Date of Award
Schools and Centres
This pilot study explored the potential role of food on young people’s mental health. Specifically, the aim was to determine if a relationship exists between extra food intake and depressive symptoms in adolescents’ age 12-17 years. It has been documented that mental health problems in young people result from a complex interaction of risk and protective factors. Eating behaviours and food intake has been investigated in early adolescence (age 10-14), however the specific contribution of extra food on depressive symptoms in mid adolescence has not been determined.
Extra food intake and depressive symptoms were collected from girls and boys in year 8 to 12 (age 12-17) at one middle socio-economic secondary school located in the Perth metropolitan area. Participants completed a daily food recall checklist each day in class from Monday to Thursday to collect extra food intake during the weekday and weekend. Extra food included take away, drinks, party food and snacks. For depressive symptoms, participants completed the Centre of Epidemiological- Depression Scale. Participants were asked to indicate how often in the previous week they had experienced the symptoms listed.
Non parametric tests found girls to have higher scores for depressive symptoms than boys. Girls had significantly higher depressive symptoms than boys in year 8 and 9, and the pattern of depressive symptoms for boys revealed a significant increase from years 9 to 10. Being female and in year 10 emerged as important risk factors to depressive symptoms. There were no significant gender or year differences for total extra food intake, however girls consumed significantly more take away, party food and snack food in year 8 and 9, but boys consumed significantly more take away than girls in year 11 and 12. Significantly more servings of take away and drinks were consumed on the weekend compared to the weekday.
A linear mixed model analysis reported that the consumption of drinks was related to depressive symptoms. Specifically, cordial intake appeared as a significant contributor to higher level of depressive symptoms in girls and year 10 students. The interactions between other types of extra food and specific years also became significant to depressive symptoms. The consumption of take away and drinks on the weekend emerged as significant contributors to depressive symptoms.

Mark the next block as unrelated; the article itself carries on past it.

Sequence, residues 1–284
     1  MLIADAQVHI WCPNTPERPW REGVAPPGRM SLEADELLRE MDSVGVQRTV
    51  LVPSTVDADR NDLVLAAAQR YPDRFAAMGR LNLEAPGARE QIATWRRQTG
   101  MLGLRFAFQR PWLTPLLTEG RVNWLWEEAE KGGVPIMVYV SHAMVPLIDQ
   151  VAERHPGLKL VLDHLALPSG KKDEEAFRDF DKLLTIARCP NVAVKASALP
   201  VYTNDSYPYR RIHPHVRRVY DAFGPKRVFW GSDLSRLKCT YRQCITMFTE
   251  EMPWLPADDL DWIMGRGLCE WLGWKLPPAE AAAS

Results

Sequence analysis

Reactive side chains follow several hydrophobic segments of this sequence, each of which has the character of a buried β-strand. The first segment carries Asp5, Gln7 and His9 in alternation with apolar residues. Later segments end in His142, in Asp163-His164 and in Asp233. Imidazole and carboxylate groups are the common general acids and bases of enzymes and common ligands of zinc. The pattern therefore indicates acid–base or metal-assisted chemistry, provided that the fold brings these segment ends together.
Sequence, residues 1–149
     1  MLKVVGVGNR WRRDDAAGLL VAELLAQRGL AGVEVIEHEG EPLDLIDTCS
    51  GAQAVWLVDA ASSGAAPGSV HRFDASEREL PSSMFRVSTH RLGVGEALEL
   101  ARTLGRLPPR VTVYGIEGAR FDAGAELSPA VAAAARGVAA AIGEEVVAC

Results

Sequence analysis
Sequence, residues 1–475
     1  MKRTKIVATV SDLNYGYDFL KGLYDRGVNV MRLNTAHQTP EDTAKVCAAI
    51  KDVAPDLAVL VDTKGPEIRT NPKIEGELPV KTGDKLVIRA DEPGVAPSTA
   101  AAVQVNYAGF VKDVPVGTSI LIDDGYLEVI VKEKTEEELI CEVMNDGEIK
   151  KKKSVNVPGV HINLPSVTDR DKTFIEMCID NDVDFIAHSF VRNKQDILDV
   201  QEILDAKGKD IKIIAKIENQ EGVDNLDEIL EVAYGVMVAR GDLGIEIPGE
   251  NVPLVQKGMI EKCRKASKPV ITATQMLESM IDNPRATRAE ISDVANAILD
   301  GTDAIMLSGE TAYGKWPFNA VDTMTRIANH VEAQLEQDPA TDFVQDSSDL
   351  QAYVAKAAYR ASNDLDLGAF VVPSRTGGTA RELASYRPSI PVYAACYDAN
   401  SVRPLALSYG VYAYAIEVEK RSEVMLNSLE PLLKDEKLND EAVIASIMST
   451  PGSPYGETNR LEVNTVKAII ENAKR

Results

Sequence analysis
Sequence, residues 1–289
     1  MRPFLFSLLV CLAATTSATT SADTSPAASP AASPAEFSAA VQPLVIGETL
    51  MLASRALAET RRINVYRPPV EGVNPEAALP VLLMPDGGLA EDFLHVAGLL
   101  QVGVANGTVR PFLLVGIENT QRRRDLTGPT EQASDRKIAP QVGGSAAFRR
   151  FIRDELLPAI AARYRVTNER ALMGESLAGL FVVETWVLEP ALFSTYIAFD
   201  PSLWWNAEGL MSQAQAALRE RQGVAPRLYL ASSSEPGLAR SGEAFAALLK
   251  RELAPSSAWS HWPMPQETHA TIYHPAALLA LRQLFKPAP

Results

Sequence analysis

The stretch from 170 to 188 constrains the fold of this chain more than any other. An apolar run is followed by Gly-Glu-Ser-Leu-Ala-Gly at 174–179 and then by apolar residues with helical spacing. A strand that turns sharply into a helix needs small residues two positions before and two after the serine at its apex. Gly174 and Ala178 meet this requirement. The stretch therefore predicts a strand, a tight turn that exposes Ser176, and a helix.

This study identifies the potential role of food intake on mental health problems. Previous research has focused on the overall diet in adolescents age 10-14 and has identified that a diet high in processed food is linked with self reported depressive symptoms. The results of this study have revealed important interactions between different types of food and specific years beyond age 14. In particular the consumption of drinks in year 10 is associated with a higher level and severity of depressive symptoms. Another important finding was the pattern of depressive symptoms between boys and girls, with girls having significantly higher depressive symptoms in years 8 and 9, and boys showing a significant increase from years 9 to 10. These results have important implications for future research and practice, particularly in the content and timing of messages about healthy eating and in addressing the risk and protective factors interacting during this time.
Bradshaw, E. (2011). Extra food intake and depressive symptoms in adolescents: Is there a relationship? (Masters's thesis). University of Notre Dame Australia, Fremantle, WA.